Fishing and artificial islands
For example, the tribunal found that two such features such as the Mischief Reef and Second Thomas Shoal are low-tide elevations. Consequently, these cannot be appropriated by China and do not entitle either China or the Philippines to any maritime zone surrounding them. But given the geographical location, these rocks do fall within the Philippines’ EEZ. Under UNCLOS, the Philippines have exclusive rights in that zone. That is why some Chinese activities on and around these rocks were illegal under UNCLOS according to the Tribunal. Chinese vessels had prevented Philippine fishermen from fishing in the Philippines EEZ; China had constructed artificial islands and installations on a number of reefs, also in violation of the exclusive rights of the Philippines in its EEZ. China’s assertive actions are at least on paper curtailed by international law.
Another sweeping pronouncement by the Tribunal concerns the environmental impact of China’s activities in the area. And the Tribunal doesn’t mince words. It found that China has caused severe and irreparable harm to several reef ecosystems in the South China Sea, and continues to do so. The Philippines had asked the tribunal to declare that China had forsaken its duty to protect and preserve the marine environment as UNCLOS demands. China didn’t get the memo apparently.
The cynic will say that China will not abide by the ruling, because it is, well, China. But let’s humor the law for a bit. What are the legal consequences of the Tribunal’s decisions? China’s Nine-dash line is legally discredited, but in practical terms only time will tell what happens to this claim. It must allow Philippine fishermen to fish in the Philippine EEZ. It must vacate and possibly dismantle all the artificial islands in the Philippine’s EEZ. With respect to the Spratley Islands, an interesting picture emerges. The Tribunal decided that the high-tide features of the Spratley Islands area cannot sustain ‘human habitation or economic life of their own’. They are not islands, but rocks and can only have a territorial sea of 12 nautical miles. The sovereignty issue is not resolved. The Scarborough Shoal is not within the Philippines’ EEZ, so Chinese occupation and building of installations could continue. However, according to the Tribunal, China must allow Philippine fishermen to fish there based on traditional rights under customary international law.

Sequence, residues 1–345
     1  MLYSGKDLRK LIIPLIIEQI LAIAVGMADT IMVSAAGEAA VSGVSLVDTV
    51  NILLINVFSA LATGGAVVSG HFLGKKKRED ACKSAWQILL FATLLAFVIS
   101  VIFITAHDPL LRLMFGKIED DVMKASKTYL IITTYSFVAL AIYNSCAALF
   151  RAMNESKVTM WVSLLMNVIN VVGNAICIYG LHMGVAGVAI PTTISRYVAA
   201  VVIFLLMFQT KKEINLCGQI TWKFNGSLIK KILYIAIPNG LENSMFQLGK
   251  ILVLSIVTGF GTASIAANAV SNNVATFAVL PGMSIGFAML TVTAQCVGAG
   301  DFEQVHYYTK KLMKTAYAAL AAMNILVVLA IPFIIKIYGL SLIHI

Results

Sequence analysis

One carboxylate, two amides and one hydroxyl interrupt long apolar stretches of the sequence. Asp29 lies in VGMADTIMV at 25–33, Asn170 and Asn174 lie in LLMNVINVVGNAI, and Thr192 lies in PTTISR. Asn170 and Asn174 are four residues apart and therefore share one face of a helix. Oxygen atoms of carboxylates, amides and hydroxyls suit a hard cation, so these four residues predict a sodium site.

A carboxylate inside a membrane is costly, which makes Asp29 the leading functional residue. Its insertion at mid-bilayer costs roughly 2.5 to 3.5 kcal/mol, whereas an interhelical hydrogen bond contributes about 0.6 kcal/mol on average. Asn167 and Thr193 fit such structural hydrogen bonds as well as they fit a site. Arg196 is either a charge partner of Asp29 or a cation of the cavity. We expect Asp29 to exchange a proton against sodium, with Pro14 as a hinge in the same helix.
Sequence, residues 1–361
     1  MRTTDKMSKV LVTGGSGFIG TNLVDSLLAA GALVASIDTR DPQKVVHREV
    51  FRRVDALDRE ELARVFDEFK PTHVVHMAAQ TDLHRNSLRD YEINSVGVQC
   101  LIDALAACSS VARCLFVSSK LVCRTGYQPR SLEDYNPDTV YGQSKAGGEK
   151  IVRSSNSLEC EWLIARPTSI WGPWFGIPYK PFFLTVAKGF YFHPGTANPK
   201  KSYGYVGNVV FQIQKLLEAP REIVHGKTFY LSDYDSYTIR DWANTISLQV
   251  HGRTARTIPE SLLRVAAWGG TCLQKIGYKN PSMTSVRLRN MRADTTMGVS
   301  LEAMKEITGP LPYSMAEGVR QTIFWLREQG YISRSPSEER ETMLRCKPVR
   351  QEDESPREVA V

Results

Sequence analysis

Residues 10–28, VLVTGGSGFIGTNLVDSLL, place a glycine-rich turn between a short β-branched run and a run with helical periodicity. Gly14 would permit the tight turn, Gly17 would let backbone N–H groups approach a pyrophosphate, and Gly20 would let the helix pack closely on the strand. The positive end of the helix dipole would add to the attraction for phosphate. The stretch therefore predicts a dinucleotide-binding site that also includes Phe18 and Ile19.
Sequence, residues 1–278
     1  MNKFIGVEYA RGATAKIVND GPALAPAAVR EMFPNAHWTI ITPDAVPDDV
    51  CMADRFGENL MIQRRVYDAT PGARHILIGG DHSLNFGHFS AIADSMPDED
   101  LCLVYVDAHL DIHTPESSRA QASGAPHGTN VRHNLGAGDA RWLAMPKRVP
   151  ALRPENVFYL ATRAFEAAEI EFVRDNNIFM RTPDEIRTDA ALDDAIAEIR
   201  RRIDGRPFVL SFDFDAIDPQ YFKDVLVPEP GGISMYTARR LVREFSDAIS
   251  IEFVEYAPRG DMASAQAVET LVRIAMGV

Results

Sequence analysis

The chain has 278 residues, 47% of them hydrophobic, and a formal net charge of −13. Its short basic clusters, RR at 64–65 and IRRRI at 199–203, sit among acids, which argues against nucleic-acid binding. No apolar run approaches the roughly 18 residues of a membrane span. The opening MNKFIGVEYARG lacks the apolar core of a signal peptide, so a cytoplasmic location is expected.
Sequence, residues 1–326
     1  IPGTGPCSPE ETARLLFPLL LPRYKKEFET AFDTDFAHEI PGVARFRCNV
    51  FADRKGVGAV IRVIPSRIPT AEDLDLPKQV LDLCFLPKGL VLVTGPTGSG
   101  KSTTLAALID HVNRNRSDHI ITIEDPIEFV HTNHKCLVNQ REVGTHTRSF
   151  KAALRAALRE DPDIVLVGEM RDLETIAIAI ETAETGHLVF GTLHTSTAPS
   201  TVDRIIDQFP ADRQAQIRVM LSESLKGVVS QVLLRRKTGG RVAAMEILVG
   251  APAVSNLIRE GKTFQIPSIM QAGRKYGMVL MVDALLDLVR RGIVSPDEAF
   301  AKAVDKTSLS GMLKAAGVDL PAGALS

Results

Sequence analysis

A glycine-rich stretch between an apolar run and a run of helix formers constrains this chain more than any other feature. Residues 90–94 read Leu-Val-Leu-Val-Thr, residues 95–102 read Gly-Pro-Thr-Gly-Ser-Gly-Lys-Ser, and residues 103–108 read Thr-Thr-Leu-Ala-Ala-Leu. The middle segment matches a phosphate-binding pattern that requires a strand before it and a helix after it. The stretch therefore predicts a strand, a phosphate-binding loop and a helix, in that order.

The way forward
But the proof of the pudding is in the eating. China has made its position on the tribunal and the award clear, even before the award was given. And to put it mildly, no one expects China to put an evacuation plan in effect just yet for the South China Sea. My guess is that it will encourage states in the region to adopt a firmer stance towards China. The danger is, however, that it pits them also against each other. Or is this perhaps an opening for these states to start settling their rival claims via legal means, in order to pressure China even more? And what will the US do? The question is whether cooler heads prevail so that new diplomatic efforts can take hold based on today’s monumental decision by five lawyers in The Hague.